NASA’s Jet Propulsion Laboratory (JPL) is best known as the home for a variety of space-faring endeavors, but the facility is also tasked with defending the space agency from cyberattacks.

A new report from NASA found that while JPL’s rocket scientists are doing well when it comes to handling space explorations, it found multiple security weaknesses reducing JPL’s ability to prevent, detect, and mitigate attacks targeting its systems and networks, thereby exposing NASA systems and data to exploitation by cyber criminals. JPL is managed by the California Institute of Technology.

Some of the issues spotted by the internal audit include an incomplete and innaccurate database inventory which reduces the agency’s ability effectively monitor, report, and respond to security incidents. There is also a user access issue as NASA found “JPL’s network gateway that controls partner access to a shared IT environment for specific missions and data had not been properly segmented to limit users only to those systems and applications for which they had approved access.”

The report also found system administrators did not do a sufficient job tracking the devices on their assigned networks with one person noting he does not add devices because the network’s updating function does not always work and then he often forgets to handle the task manually.

“Consequently, assets can be added to the network without being properly identified and vetted by security officials. The April 2018 cyberattack exploited this particular weakness when the hacker accessed the JPL network by targeting a Raspberry Pi computer that was not authorized to be attached to the JPL network,” the report stated, but did not say the this particular administrator was responsible for this incident.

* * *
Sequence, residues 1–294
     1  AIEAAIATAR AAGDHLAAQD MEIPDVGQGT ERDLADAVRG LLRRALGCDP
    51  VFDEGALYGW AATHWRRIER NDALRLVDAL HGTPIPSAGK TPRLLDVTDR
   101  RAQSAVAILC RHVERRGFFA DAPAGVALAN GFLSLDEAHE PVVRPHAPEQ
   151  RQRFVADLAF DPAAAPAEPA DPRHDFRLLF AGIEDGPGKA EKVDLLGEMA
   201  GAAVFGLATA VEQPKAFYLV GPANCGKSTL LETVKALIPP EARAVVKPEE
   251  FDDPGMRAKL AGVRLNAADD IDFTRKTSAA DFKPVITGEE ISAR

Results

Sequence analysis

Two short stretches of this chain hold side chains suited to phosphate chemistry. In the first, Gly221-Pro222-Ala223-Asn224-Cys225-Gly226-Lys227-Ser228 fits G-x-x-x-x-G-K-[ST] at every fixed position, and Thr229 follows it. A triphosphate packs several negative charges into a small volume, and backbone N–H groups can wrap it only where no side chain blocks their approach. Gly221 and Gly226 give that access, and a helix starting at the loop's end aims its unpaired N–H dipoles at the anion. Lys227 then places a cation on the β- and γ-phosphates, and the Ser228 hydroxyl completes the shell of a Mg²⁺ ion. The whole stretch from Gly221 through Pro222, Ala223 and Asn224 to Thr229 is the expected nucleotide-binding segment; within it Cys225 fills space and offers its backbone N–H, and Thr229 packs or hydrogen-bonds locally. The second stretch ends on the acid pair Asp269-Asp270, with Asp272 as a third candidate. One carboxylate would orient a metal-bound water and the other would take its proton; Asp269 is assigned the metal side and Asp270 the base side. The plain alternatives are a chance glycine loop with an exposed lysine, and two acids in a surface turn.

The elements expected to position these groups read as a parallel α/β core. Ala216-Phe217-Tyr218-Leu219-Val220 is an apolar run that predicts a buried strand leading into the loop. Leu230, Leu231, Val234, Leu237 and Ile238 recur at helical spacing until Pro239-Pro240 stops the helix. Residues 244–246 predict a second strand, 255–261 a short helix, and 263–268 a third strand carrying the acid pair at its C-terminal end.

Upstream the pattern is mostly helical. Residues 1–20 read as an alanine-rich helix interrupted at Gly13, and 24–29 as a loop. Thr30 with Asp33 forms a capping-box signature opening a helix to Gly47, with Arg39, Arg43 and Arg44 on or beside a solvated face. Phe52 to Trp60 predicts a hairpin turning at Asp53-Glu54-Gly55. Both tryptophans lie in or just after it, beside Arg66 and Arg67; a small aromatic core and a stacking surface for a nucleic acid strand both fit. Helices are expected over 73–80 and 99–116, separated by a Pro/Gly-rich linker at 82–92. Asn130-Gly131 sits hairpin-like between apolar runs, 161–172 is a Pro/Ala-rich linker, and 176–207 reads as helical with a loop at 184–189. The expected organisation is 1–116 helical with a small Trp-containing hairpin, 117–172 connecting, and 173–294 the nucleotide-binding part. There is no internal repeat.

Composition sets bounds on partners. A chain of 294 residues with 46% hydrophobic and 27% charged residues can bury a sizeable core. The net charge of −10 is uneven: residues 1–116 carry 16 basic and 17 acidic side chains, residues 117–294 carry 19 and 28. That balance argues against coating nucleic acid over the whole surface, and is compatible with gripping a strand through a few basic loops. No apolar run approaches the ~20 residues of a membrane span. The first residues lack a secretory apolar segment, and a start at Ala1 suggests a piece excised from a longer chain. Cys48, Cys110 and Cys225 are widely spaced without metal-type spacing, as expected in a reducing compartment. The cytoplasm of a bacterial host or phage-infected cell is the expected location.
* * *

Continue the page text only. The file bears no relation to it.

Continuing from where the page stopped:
JPL also has issued dealing with identified cybersecurity issues. The report detailed how these may not be resolved for more than 180 days in some cases. Administrators misunderstood their roles and regarding management and review of incident logs for identifying malicious activity.

The agency was also taken to task for not creating and implementing a threat hunting program as had been previously recommended nor put into a placed security training nor funded IT security certifications for its system administrators.

NASA also found it did not have access to JPL’s incident management system nor were there any controls in place to fulfill Caltech’s contractual obligation to report certain types of IT security incidents to the Agency through the NASA SOC.

The 49-page document included a nine-point list of recommendations for the director of the NASA Management Office to implement:

  • require system administrators to review and update the ITSDB and ensure system components are properly registered and the JPL Cybersecurity/Identity Technologies and Operations Group (CITO) periodically review compliance with this requirement;
  • segregate shared environments connected to the network gateway and monitor partners accessing the JPL network;
  • review and update ISAs for all partners connected to the gateway;
  • require the JPL CITO to identify and remediate weaknesses in the security problem log ticket process and provide periodic aging reports to the JPL CIO;
  • require the JPL CITO to validate, update, and perform annual reviews of all open waivers;
  • clarify the division of responsibility between the JPL Office of the Chief Information Officer and system administrators for conducting routine log reviews and monitor compliance on a more frequent basis;
  • implement the planned role-based training program by July 2019;
  • establish a formal, documented threat-hunting process;
  • develop and implement a comprehensive strategy for institutional IT knowledge and incident management that includes dissemination of lessons learned. We also recommended the NASA CIO include requirements in the pending IT Transition Plan that provide the NASA SOC with sufficient control and visibility into JPL network security practices.